Probability and Statistics Basic Probability and Statistics Math Forum 
 LinkBack  Thread Tools  Display Modes 
May 1st, 2013, 05:22 AM  #1 
Senior Member Joined: Mar 2012 From: Belgium Posts: 654 Thanks: 11  hard probability
You have 5 numbers with a random value between 1 and 5. What is the chance that the product of all those 5 numbers is smaller then 100? I have no clue on how to start this /: 
May 1st, 2013, 12:46 PM  #2  
Senior Member Joined: Feb 2010 Posts: 706 Thanks: 140  Re: hard probability Quote:
 
May 1st, 2013, 04:12 PM  #3  
Senior Member Joined: Sep 2012 From: British Columbia, Canada Posts: 764 Thanks: 53  Re: hard probability Quote:
 
May 1st, 2013, 04:28 PM  #4 
Global Moderator Joined: Oct 2008 From: London, Ontario, Canada  The Forest City Posts: 7,932 Thanks: 1127 Math Focus: Elementary mathematics and beyond  Re: hard probability
Or "You have ..."

May 1st, 2013, 08:50 PM  #5 
Senior Member Joined: Jul 2012 From: DFW Area Posts: 635 Thanks: 96 Math Focus: Electrical Engineering Applications  Re: hard probability
Hi [color=#0000BF]gelatine1[/color], I get by the following analysis and a 'brute force' ruby script check. The number of permutations of objects with a number of objects indistinguishable from each other is: . If there is also a number of objects indistinguishable from each other the formula is: In the following, the notation , etc., without any parenthesis represents the digits themselves. It does not represent a count. is the number of combinations of choosing out of objects per the formula: Also, a number in parenthesis such as (3) means 3 combinations. This is used when the notation cannot be used because some of the combinations result in a product >= 100. Let's start from the '1' digit(s) and work up: number of combinations for all 1s. for 4 1s and any other digit. for 3 1s and 2 of any other digit. for 3 1s and 2 other single digits. for 2 1s, and 3 of another digit. The other digit can be 2,3, or 4, but not 5, hence the (3). for 2 1s, 2 of another digit, and one of a third digit. The (11) is represented by 2,2,3; 2,2,4; 2,2,5; 3,3,2; 3,3,4; 3,3,5; 4,4,2; 4,4,3; 4,4,5; 5,5,2; and 5,5,3. 5,5,4 gives a product = 100 and is not counted. for 2 1s and any 3 other single digits. for one 1 and 4 2s or 3s (4 4s or 5s not allowed). for one 1 and 2 each of 2,3 or 2,4. Note that 3,2 and 4,2 create duplicate patterns to 2,3 and 2,4 so they are not counted. for one 1, 3 of another digit, and one of a third digit. 2,2,2,3; 2,2,2,4; 2,2,2,5; and 3,3,3,2 are the (4) for one 1, two of another digit, and two other single digits. The (6) are 2,2,3,4; 2,2,3,5; 2,2,4,5; 3,3,2,4; 3,3,2,5; and 4,4,2,3. for all 2s. for 4 2s and any other digit: 3; 4; or 5. Note that four 2s and one 1 have been counted above. for 3 2s and 2 3s. for 3 2s and one 3 and one 4. The sum is 1337. As mentioned above, I have checked the analysis with a script. Hopefully, someone will post an easier way of solving the problem.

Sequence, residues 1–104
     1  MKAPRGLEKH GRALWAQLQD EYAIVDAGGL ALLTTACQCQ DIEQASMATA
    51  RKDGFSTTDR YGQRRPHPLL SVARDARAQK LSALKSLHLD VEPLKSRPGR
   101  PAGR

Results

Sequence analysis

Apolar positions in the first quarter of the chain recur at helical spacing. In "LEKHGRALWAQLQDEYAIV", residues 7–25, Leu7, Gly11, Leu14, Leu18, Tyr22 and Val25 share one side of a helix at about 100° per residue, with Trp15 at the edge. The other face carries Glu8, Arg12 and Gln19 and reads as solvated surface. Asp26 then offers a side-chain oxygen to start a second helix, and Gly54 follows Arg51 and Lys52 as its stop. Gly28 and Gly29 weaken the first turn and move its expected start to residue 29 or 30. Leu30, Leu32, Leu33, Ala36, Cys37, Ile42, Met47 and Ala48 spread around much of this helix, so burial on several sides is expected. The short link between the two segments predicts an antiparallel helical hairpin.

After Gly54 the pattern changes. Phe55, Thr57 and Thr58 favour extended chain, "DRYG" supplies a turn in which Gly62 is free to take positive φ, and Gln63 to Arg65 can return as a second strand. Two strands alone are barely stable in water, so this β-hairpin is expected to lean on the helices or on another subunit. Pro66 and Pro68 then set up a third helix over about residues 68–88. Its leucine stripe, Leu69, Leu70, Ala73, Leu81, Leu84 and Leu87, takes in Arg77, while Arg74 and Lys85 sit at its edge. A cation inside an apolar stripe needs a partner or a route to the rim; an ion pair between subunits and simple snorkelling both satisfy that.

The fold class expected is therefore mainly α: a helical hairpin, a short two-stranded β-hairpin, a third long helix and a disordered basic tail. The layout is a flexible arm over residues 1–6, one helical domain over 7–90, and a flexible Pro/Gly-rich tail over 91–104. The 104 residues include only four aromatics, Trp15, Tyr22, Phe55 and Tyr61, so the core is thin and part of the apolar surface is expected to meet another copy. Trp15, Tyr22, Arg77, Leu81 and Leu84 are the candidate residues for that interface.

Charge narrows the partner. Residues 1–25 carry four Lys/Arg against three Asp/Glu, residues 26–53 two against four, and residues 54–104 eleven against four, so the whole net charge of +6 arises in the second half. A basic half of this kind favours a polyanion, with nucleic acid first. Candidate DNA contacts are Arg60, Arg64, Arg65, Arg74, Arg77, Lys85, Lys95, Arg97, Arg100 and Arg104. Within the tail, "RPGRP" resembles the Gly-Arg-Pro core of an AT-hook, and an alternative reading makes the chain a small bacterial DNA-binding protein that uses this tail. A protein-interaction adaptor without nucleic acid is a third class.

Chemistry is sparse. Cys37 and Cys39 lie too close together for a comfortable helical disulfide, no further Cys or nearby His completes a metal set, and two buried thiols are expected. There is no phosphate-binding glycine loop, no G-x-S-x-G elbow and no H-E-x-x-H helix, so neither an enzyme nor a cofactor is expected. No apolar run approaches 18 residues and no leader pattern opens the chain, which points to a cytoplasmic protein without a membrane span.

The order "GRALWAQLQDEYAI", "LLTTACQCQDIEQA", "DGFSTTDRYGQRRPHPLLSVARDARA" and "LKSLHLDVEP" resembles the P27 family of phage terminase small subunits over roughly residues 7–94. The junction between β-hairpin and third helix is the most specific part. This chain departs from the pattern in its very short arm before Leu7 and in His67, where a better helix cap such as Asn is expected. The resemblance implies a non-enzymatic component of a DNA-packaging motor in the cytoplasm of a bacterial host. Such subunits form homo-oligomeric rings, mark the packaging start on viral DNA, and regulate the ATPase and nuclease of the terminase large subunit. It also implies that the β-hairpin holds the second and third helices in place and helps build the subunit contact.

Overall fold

May 3rd, 2013, 06:28 PM  #6  
Global Moderator Joined: Dec 2006 Posts: 20,484 Thanks: 2041  Quote:
 
May 3rd, 2013, 08:39 PM  #7 
Senior Member Joined: Mar 2012 From: Belgium Posts: 654 Thanks: 11  Re: hard probability
yes


Tags 
hard, probability 
Thread Tools  
Display Modes  

Similar Threads  
Thread  Thread Starter  Forum  Replies  Last Post 
hard question of probability  vitoriogauss  Probability and Statistics  1  June 14th, 2013 12:43 PM 
Probability Hard Problem  talisman  Probability and Statistics  32  January 15th, 2012 02:21 AM 
Probability(Hard)  hoyy1kolko  Probability and Statistics  5  June 4th, 2011 04:55 PM 
Probability question(hard)  hoyy1kolko  Probability and Statistics  5  April 8th, 2011 06:12 PM 
Probability question....quite hard.  bigben  Advanced Statistics  9  June 6th, 2007 05:32 AM